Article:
Review: Blue Force Gear Tracer Pack

Before I dive into this review of the Blue Force Gear Tracer Pack, I should give some context for my time with Blue Force Gear Dap Packs. I have been using their packs going all the way back before 2012 in their original line of Dapper compatible packs. I still have and use a Micro Dap Pack and Skye Dap Pack.

In the intervening years, Blue Force Gear discontinued their packs with the larger models being the first to go. They continued making their hook backed pouches in the Dapper line until the recent reintroduction of the Dap pack line to include the redesigned Jedburgh and finally, a new large Dap Pack, the all new Tracer.


The full panel loading Tracer Pack was designed to be an EDC/Travel/Office pack with a heavy dose of tactical stirred into the mix. The exterior appearance is fairly “low profile” though it does have a loop field and MOLLE compatible panel.

The straps are straight and thin but well padded. The rear of the pack is stiffened with a thin HDPE frame sheet so the pack holds its shape under a load and items don’t dig into your back.

It weighs in at 2.5 pounds and has 36 liters of capacity. That capacity is spread over the large main compartment with laptop sleeve, a front admin pouch, and a top stash pouch.

The Tracer Pack also feature distinctive and easy to grasp rubber zipper pulls. A very comfortable and grippy grab handle that is textured rubber over webbing so it is bull strong and two tweave water bottle pockets.

The interior back of the main compartment is completely lined for use with Dappers. The interior front of the main compartment is mostly lined as is the back of the front admin pouch.

Observations from Use

The Tracer Pack has been serving as my travel and EDC pack for almost 3 months now. That includes 2 full cross-country trips via air. It still looks mostly new which is not a surprise given how BFG builds these packs. The quality is excellent with great materials and attention to detail.

There is a lot to like in this pack. I especially like BFG’s use of tweave material. The water bottle pockets are excellent. They are deep and tightly retain bottles up to 32 ounce Nalgene diameter. They thoughtfully tapered the opening so it is lower on one side which makes bottles easy to retrieve. BFG also backed the upper stash pocket with tweave which allows it to stretch a bit when stuffing with oversized items.

I also like the use of BFG’s MOLLEminus to reduce the visual signature of the MOLLE field on the front of the pack. Most people wouldn’t know that they were looking at which helps the pack blend in a bit.

The fact that this is a panel loader makes great sense. It gives the user the ability to fully line the main compartment with Dapper pouches and then lay the bag fully open to access each pouch. I tend to like packs without a ton of built in organization so Dap Packs suit me. I can add the organization features that I want, where I want them.

Perhaps the best thing about this pack is the Dap Pack concept itself. If you like a big, wide open bucket of a backpack, you can do that. If you are more of an everything in its place kind of guy, you can do that. The organization features are completely flexible. I should also note that the admin pocket is a perfect fit for BFG’s really excellent Admin Dapper of which I have several because they always seem to find a place in my hook and loop style backpacks.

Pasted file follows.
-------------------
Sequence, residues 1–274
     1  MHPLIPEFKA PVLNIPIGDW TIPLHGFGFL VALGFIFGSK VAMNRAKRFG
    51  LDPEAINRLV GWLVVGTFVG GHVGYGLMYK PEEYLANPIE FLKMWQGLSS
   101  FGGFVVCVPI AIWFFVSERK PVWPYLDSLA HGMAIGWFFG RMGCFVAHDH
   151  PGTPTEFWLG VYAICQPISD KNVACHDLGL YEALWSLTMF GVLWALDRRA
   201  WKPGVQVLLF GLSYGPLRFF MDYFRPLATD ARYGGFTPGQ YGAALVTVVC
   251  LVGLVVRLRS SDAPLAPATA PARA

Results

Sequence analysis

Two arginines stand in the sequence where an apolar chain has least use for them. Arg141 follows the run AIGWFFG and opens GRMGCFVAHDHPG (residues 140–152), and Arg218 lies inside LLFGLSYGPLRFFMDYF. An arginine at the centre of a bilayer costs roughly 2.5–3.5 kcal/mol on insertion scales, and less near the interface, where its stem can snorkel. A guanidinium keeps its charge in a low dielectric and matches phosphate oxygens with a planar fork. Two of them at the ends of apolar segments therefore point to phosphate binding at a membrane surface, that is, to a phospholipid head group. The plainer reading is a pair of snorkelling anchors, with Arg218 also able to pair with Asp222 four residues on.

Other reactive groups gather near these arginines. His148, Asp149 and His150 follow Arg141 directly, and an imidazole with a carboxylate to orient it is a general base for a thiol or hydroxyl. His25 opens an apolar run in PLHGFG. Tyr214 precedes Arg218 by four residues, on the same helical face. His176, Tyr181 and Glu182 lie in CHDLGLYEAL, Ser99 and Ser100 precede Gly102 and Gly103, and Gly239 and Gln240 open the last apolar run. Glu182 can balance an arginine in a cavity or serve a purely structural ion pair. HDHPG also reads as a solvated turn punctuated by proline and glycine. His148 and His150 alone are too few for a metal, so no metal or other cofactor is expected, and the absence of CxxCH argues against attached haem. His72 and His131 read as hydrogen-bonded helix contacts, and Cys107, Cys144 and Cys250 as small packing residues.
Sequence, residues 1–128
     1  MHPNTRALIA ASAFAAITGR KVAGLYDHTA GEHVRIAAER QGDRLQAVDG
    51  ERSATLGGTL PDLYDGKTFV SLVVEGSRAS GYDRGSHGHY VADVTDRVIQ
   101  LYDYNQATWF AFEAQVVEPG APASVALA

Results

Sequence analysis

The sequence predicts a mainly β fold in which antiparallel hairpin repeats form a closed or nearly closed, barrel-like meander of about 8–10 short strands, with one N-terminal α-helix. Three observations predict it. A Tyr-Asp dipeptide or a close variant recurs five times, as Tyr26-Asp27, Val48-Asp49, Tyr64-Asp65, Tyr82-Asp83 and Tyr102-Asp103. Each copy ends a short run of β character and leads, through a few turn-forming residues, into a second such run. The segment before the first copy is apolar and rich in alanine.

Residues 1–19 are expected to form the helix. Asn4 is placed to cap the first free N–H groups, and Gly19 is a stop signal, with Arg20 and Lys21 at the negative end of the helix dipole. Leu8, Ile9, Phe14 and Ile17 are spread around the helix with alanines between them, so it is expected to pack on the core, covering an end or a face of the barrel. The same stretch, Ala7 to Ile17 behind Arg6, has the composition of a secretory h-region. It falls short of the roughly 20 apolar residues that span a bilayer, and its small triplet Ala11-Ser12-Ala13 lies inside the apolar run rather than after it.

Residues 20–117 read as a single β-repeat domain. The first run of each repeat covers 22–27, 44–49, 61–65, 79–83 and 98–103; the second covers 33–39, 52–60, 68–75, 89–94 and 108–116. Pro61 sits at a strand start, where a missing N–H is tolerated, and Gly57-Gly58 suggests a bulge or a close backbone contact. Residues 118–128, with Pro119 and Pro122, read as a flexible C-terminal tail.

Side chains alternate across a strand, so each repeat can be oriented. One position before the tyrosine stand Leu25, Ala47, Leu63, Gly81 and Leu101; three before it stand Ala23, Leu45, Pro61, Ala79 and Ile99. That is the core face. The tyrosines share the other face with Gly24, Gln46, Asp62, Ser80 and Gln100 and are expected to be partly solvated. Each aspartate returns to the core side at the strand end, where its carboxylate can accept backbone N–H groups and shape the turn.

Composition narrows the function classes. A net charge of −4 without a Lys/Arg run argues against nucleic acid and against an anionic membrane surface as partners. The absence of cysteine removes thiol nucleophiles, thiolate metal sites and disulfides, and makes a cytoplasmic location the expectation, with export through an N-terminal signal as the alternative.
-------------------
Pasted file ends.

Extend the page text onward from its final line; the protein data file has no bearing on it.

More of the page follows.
I don’t normally rave about grab handles but I will in this case. The Tracer Pack’s grab handle is a thick rubber coated webbing with large bumps for texture. It is comfortable to carry even when the back is heavy. It doesn’t roll in your hand like tubular webbing or cut into your hand like flat webbing.

This pack has a very good laptop sleeve. It is easy to access and well stiffened which is nice because my laptop is often the heaviest thing in the bag and the stiffened back panel helps support that load.

There are a few things I wish were different. The shoulder straps are straight and simple which is not a bad thing in and of itself. They are padded enough to comfortable but they are mounted very close together. it would be nice if they were spaced apart just a bit more. As they are now, they can ride up onto the start of the wearer’s neck and they feel shorter than they actually are.

Additionally, I recommend end users remove the little metal BFG logo plaque on the shoulder strap. When you don a pack, you often slide your hands down the shoulder strap as your pull it on your shoulders. That metal plaque has diced up my hand a couple of times. It is easily removed and I only put it back on for pictures.

Wrap Up

The Tracer Pack leverages Blue Force Gear’s already well proven and flexible Dapper system so it is extremely functional right our of the gate. The shoulder straps could be spaced just a bit further apart but the build quality is typical Blue Force Gear which is to say that it is great. The materials used for the pack are smart, unique, and functional. I also happen think it is probably the best looking Dap Pack yet.

If you have been awaiting the return of the larger Dap Packs, wait no longer.

One Response to Review: Blue Force Gear Tracer Pack

  1. Snakeman February 18, 2019 at 15:27 #

    Well I was needing a backpack for my up coming trip out of the country in April. Just ordered one. Looks to be a winner.

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